I recently had the pleasure of stumbling across Paul Lockhart’s essay, A Mathematician’s Lament. Lockhart, a former research mathematician in analytic number theory who received his Ph.D. from Columbia in 1990, decided to leave academia in 2000 in order to concentrate on K-12 math education, which he hass been doing at Saint Ann’s School in Brooklyn.
Lockhart’s article lambasts the current state of mathematics education in this country. Some of his main points are the following: Mathematics is an art form, but unlike other art forms like music or painting, is not understood as such by the general population. As a result, students are not exposed to the beauty of mathematics, and are instead taught through drill and memorization, which effectively kills any natural curiosity the student may have. The most important part of mathematics lies not in the facts or theorems that students memorize, but in the arguments that . . . → Read More: Read a Mathematician’s Lament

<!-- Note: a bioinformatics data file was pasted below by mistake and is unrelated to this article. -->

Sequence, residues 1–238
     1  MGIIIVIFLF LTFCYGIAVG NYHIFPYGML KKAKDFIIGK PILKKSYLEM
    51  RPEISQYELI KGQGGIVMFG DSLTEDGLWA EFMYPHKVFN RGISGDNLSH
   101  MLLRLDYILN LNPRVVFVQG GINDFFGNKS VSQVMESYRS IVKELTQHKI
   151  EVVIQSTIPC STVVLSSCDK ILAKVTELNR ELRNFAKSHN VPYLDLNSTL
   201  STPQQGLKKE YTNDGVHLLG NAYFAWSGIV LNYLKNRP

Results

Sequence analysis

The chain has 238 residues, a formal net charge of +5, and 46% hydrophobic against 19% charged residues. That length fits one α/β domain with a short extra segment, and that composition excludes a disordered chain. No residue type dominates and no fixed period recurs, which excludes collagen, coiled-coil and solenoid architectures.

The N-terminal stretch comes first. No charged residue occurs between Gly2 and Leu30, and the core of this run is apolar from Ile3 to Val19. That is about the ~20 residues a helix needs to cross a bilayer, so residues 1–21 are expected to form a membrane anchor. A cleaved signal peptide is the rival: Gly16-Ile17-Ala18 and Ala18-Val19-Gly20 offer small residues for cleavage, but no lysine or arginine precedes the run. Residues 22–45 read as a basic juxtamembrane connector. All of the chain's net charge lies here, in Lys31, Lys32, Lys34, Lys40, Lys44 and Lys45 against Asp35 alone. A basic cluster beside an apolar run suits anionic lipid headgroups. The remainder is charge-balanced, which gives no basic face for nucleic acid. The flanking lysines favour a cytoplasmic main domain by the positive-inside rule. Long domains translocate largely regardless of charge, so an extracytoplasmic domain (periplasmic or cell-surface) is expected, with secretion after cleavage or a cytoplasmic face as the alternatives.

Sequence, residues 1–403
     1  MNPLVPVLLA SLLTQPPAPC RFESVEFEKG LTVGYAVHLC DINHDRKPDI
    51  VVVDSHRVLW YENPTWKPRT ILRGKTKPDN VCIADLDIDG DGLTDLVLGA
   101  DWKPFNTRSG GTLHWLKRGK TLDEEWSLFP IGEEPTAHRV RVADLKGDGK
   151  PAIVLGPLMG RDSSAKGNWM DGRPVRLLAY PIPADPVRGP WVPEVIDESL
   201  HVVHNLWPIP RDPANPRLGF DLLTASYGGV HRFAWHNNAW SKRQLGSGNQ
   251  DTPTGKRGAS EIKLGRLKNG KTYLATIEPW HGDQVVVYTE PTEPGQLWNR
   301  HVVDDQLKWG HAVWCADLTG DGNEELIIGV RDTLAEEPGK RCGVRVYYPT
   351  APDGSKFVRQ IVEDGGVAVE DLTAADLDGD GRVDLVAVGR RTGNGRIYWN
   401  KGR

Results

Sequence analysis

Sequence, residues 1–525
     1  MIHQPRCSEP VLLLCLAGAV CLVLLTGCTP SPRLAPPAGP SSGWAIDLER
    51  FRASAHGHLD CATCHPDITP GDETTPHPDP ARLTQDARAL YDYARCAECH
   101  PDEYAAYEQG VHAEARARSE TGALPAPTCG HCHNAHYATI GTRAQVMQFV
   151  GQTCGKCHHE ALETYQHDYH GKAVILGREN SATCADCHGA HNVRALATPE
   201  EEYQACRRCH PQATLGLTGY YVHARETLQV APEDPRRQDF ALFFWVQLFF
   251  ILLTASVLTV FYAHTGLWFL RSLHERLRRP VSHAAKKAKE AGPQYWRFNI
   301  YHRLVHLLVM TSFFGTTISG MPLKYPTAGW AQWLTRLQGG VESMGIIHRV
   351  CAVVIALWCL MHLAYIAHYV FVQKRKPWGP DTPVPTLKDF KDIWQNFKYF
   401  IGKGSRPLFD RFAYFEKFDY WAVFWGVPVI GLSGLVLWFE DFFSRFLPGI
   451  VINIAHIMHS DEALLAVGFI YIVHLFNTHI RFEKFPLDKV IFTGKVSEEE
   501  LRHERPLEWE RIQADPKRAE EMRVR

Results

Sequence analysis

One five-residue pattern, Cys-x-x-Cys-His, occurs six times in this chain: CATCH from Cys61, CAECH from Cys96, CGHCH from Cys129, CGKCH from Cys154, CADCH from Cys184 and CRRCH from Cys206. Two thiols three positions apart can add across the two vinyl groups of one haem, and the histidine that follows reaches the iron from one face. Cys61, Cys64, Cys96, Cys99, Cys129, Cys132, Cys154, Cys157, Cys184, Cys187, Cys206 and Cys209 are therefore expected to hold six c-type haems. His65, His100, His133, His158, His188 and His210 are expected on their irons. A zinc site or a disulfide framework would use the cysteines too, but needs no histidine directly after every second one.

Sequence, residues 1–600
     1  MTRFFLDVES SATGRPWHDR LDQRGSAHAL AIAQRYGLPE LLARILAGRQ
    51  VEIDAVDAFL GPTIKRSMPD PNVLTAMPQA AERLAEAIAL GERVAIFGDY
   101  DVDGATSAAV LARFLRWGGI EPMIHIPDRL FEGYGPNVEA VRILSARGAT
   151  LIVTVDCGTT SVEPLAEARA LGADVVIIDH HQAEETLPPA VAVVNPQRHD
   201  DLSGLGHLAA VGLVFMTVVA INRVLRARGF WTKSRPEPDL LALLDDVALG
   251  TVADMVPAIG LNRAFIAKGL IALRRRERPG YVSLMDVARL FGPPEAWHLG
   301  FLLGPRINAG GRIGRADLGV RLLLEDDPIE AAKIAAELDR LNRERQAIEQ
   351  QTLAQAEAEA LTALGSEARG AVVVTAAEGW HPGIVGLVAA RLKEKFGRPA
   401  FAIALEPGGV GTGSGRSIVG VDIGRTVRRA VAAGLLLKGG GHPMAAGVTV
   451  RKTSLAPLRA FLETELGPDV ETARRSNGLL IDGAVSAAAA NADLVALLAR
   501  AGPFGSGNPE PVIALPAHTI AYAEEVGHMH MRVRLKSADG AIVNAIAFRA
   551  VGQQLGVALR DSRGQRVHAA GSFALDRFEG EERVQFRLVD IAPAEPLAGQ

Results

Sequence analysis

A friend recently shared with me the following video from TED (see below). In it, mathematician (or, in this case, mathemagician) Arthur Benjamin gives a brief argument for eliminating calculus as the top of the “mathematical pyramid” in high school education, and replacing it probability and statistics. The main reason for this shift is that unless you are planning to have a career in a technical field, it’s unlikely you’ll find a use for calculus in your everyday life, but an understanding of statistics can benefit you no matter what you do. For example, it can help you to build an intuition about day to day decision making when risk and uncertainty are involved. Here’s the video (it’s short, only a couple of minutes):
A noble goal, to be sure, and it’s certainly a solution that wouldn’t cost a whole lot. There is an argument to be made for such . . . → Read More: Restructuring the Math Pyramid?